05 January 2010 | Back in Falmouth Harbor, Antigua
We love having friends visit us on Scappatella, but the planning and scheduling of it all can be a bit challenging for both us and our friends. Due to weather, the inevitable mechanical issues, and a desire to remain spontaneous and "unscheduled", it's impossible for us to know exactly where we're going to be at any given time. All we can do is give it our best guess and ask that friends who want to visit are a bit flexible and spontaneous with their travel plans. But, if it's a bit complicated meeting up with us, just imagine what it's like for the friend who wants to visit us AND another cruiser during the same timeframe. Such was the case with our adventurous and fun-loving friend Jen Fuller.
When we started planning her visit back in November, Jen was trying to coordinate a visit with both Scappatella and with friends on another boat - Pilrgim - who at the time were in Rhode Island. While we're emailing Jen from Curacao, deep in the Southern Caribbean, Pilgrim is in a boatyard some 2,000+ miles north of us! Both of us were still in the yard at this point, and both of us had "plans" to be in Antigua at some point. Jen's idea was to meet up with one or the other of us, and then hopefully sail and/or fly between islands and catch up with the other boat. All in the space of 10 days.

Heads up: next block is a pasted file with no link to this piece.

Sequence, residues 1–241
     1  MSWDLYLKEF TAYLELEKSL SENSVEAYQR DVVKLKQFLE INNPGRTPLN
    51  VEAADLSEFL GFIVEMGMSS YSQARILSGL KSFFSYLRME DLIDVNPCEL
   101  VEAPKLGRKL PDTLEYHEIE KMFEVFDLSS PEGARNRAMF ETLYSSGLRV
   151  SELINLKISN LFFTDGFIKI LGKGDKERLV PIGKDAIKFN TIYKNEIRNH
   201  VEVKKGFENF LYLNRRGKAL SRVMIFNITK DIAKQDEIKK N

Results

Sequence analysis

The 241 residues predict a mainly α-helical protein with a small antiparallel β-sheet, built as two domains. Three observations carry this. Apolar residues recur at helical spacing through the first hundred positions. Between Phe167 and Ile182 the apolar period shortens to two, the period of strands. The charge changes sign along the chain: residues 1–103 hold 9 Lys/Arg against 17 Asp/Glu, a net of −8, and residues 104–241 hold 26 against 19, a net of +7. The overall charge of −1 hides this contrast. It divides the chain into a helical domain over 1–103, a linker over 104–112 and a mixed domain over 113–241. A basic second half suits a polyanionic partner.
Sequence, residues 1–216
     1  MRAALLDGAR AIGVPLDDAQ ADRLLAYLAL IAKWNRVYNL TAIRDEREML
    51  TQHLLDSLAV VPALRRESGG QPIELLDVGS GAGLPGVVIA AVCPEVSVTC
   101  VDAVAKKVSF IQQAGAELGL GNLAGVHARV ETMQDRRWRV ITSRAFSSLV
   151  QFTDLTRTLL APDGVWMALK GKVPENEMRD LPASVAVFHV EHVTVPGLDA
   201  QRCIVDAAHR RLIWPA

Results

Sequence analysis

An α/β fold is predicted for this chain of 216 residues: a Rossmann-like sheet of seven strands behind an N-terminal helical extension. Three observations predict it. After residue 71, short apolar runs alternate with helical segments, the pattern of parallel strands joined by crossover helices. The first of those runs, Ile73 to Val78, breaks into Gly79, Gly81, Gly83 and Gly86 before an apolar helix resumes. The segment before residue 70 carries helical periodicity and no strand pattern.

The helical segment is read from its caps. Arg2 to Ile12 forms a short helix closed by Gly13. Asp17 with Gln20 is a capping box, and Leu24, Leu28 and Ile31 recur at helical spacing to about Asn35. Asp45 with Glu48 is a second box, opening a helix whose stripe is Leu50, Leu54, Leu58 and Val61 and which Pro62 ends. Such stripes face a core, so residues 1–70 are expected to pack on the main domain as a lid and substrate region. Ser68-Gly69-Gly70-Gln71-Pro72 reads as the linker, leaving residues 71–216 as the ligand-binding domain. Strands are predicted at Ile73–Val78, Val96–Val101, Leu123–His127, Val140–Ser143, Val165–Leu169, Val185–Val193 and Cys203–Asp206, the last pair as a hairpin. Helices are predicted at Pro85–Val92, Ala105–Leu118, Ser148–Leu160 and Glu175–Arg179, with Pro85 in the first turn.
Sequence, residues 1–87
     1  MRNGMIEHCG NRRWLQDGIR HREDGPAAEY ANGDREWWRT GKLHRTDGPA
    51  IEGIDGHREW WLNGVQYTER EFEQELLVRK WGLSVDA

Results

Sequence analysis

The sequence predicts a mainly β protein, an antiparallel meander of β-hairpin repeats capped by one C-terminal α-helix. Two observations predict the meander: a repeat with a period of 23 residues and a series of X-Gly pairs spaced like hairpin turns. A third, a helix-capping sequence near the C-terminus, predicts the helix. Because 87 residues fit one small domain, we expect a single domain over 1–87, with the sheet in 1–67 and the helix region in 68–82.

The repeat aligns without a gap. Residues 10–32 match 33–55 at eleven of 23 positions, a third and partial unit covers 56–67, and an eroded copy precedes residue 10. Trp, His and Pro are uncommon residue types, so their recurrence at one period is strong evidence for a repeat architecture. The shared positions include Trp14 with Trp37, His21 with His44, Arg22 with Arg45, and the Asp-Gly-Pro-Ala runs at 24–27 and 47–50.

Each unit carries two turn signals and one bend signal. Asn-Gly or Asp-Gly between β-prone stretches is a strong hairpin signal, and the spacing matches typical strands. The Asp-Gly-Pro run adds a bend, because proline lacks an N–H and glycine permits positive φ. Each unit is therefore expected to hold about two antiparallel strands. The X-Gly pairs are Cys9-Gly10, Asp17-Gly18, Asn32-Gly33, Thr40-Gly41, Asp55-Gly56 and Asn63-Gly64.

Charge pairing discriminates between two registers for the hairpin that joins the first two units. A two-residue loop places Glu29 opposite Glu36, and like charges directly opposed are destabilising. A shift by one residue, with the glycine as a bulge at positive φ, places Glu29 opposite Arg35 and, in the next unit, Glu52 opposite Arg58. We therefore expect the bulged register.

Many emails go back and forth as Jen tries to get a handle on all of our various plans and learn the general lay of the land...where she could fly into, out of, and what islands we might possibly be in January. Of course, both boats are delayed. Pilgrim is dealing with ongoing mechanical issues (yup, every boat has them) while our earlier weather delays result in us getting to Antigua a few weeks later than planned. At some point she throws caution to the wind and books a flight to Antigua, figuring it will all work out...somehow.
So here we sit having drinks at the Mad Mongoose in Falmouth Harbor, waiting for Jen's taxi to drive up. And there sits Pilgrim, in the boatyard just a stone's throw away! Now, what are the odds of that? Isn't it interesting what happens when you just let nature - and boats - take their course!